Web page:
MANCHESTER, NH – Claude Monet’s beautiful landscape made in 1869, The Bridge at Bougival, is one of New Hampshire’s most beloved paintings. It has recently been shown at major exhibitions in Houston, Fort Worth, and San Francisco. To celebrate its return home, the Currier Museum has borrowed three other pivotal paintings by Monet each illustrating a different period in the artist’s career. This focused exhibition will allow visitors to understand the creativity of Monet and to see him in the context of his American followers. Monet: Pathways to Impressionism opens on July 1 and runs until November 13, 2017.
An intimate look at a great artist
The exhibition includes loans from the Kimbell Art Museum, Fort Worth, Texas, and the Museum of Fine Arts in Boston.
La Pointe de la Hève at Low Tide is the painting that launched Monet’s career in 1865. Gray and somber, it already reveals the energetic brushwork and attention to light of Impressionism. The Currier’s own The Bridge at Bougival is one of Monet’s earliest paintings to precede the development of Impressionism. Forms are broken by patterns of sunlight and shade. Cap Martin (1884) is a warmly colored play of light across mountains into the sandy and rocky foreground. Charing Cross Bridge (1900) presents a departure from Monet’s fully mature Impressionist works, where the emphasis is of the mood and atmosphere of London.
The term “Impressionism” came from the title Monet gave to a painting at the Paris Salon of 1874: Impression, Sunrise. The term was used by critics to attack the new style because it seemed hazy and entirely without form and structure. Monet and his friends proudly adopted the term for their movement.
Intimate in-focus exhibitions at the Currier Museum
Monet: Pathways to Impressionism is part of a series of exhibitions that devotes special attention to important objects in the museum’s collection (sometimes new acquisitions or old favorites), to show works in a new context. Max Pechstein’s double-sided painting launched the series last year.
Twilight at the Currier:
Summer Block Party
July 22, 5 pm to 9 pm
The Currier Museum of Art is throwing a summer block party. This first-of-its-kind summer event focuses on family-friendly activities including art-making, an art battle with Positive Street Art, food trucks, live music, beer and wine tent, and so much more. This event will include both indoor and outdoor activities and admission is free for all. Food and drink will be available for purchase.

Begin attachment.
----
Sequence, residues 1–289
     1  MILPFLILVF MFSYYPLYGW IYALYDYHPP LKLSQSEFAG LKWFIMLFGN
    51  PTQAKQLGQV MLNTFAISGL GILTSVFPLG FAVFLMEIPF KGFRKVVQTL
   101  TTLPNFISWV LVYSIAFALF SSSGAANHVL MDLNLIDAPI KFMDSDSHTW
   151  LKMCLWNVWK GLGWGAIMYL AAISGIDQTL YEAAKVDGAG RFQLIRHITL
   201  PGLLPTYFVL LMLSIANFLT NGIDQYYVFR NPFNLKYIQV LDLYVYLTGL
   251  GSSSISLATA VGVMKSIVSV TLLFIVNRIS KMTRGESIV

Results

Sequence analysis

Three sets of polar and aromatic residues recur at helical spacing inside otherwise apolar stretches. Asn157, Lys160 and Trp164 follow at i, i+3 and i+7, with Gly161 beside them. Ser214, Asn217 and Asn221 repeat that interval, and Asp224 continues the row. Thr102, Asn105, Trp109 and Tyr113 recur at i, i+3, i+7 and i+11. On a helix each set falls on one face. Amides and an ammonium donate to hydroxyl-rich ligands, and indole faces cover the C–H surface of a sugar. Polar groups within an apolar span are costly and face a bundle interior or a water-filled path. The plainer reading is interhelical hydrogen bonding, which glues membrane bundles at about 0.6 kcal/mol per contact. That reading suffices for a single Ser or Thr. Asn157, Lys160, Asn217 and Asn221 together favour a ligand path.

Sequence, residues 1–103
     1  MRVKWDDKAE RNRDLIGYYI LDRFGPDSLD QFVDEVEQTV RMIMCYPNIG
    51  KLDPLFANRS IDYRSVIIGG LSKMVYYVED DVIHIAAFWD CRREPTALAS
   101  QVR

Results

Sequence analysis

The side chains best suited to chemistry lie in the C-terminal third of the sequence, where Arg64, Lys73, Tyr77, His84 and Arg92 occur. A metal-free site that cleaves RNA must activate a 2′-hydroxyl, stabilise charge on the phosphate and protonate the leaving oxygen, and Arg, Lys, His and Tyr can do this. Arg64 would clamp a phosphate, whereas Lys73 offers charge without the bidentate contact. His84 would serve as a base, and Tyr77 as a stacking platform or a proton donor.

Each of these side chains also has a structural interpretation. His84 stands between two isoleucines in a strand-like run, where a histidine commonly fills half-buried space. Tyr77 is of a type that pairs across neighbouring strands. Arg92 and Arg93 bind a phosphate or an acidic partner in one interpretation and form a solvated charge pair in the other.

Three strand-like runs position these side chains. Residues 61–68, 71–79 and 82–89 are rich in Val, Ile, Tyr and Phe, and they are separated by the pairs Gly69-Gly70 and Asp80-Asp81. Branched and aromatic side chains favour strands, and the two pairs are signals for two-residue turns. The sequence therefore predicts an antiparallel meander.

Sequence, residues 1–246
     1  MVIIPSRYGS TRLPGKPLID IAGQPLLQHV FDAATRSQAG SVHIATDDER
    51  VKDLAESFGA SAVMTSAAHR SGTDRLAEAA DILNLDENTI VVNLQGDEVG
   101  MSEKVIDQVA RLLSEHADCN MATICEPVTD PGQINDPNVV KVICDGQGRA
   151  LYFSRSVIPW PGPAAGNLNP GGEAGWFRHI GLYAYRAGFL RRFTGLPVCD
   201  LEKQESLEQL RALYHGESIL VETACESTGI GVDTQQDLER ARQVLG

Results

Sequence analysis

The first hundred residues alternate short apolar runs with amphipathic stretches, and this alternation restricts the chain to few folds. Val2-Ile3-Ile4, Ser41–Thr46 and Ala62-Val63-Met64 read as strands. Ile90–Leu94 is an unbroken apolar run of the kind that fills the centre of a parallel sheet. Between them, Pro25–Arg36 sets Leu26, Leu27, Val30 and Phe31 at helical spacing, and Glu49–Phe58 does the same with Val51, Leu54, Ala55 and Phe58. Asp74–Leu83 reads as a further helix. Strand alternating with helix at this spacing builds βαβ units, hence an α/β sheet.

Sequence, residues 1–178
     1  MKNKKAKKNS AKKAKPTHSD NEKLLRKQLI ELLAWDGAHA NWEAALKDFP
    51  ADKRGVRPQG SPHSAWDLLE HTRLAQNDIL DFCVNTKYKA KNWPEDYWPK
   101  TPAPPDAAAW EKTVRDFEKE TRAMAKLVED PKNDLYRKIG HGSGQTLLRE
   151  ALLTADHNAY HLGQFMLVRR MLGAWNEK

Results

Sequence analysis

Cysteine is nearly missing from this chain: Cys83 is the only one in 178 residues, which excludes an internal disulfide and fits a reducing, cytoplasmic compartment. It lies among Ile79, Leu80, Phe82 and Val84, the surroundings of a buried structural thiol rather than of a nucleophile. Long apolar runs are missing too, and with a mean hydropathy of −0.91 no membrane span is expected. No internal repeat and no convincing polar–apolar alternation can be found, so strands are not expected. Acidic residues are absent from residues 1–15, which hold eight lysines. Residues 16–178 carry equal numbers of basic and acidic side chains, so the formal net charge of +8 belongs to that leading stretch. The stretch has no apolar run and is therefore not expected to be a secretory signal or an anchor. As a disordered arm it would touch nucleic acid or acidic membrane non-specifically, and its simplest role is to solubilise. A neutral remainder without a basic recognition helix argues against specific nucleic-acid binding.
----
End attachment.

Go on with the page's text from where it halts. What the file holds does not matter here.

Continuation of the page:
Focus Tours of Monet: Pathways to Impressionism
July 16 and August 26, 11:30 am
Enjoy a deeper look at four of Monet’s masterpieces representing pivotal points in his career, as well as the American Impressionists he inspired, led by a museum
Storytime in the Gallery: Philippe in Monet’s Garden
July 24, 11:30 am
Hear a children’s librarian read Philippe in Monet’s Garden by Lisa Jobe Carmack, then create your own garden inspired work of art. Recommended for ages 2 to 5, but all are welcome. Free with general admission – kids 12 and younger are always free.
ABOUT THE CURRIER MUSEUM
The Currier Museum of Art is dedicated to connecting art with people in innovative ways. The museum is home to a significant collection of European, American, and Contemporary art, including works by Picasso, Monet, O’Keeffe, Le Witt, and works by New Hampshire artists. This collection inspires exhibitions and programs of many types.
The Currier Museum opened to the public in 1929 and completed a new extension in 2008. It is New Hampshire’s museum of art. Located at 150 Ash Street in Manchester, New Hampshire, the museum is open every day except Tuesday.
The museum owns the Zimmerman House, a home designed by Frank Lloyd Wright, complete with original furnishings and art. Guided visits can be booked online.
The Currier Art Center offers studio classes, art camps, master classes, and intensive workshops for all ages.